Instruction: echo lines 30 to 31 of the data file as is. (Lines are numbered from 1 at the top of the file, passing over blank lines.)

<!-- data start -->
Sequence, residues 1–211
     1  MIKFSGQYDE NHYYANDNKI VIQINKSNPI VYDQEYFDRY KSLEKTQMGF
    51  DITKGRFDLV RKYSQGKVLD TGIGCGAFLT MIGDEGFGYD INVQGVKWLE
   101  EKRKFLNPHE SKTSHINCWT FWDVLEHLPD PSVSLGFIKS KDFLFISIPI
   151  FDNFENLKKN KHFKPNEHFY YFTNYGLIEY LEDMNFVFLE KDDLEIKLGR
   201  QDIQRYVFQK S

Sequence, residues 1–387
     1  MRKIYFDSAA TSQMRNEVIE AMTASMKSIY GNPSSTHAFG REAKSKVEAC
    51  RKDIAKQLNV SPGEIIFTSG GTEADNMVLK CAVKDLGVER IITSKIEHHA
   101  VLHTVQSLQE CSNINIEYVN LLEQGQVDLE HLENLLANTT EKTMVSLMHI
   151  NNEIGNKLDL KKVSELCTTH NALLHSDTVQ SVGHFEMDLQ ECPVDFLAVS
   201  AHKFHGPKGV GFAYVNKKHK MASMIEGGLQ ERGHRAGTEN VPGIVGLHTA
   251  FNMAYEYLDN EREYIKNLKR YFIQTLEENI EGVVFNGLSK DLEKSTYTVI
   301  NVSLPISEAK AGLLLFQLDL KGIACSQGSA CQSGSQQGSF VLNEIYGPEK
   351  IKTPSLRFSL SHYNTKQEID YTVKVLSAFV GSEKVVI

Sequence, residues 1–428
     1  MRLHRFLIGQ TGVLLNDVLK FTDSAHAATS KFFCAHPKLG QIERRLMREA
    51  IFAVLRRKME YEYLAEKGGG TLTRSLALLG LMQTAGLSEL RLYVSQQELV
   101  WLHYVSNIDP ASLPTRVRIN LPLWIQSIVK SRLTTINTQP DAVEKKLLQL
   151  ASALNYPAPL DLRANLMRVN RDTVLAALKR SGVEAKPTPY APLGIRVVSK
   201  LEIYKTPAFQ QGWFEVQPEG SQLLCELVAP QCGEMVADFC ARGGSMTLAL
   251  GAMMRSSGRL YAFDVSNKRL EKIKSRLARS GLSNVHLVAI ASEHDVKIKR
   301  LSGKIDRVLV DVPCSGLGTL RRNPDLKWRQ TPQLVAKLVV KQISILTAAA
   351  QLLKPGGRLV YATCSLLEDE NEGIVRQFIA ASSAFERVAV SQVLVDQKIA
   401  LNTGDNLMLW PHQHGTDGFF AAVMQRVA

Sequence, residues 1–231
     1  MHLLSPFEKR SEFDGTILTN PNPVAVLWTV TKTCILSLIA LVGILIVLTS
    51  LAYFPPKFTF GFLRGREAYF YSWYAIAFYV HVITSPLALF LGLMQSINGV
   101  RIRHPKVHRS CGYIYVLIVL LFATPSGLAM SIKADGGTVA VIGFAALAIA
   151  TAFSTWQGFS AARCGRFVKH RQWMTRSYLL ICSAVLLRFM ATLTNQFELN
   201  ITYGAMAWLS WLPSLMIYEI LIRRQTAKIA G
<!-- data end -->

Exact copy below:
   151  TAFSTWQGFS AARCGRFVKH RQWMTRSYLL ICSAVLLRFM ATLTNQFELN
   201  ITYGAMAWLS WLPSLMIYEI LIRRQTAKIA G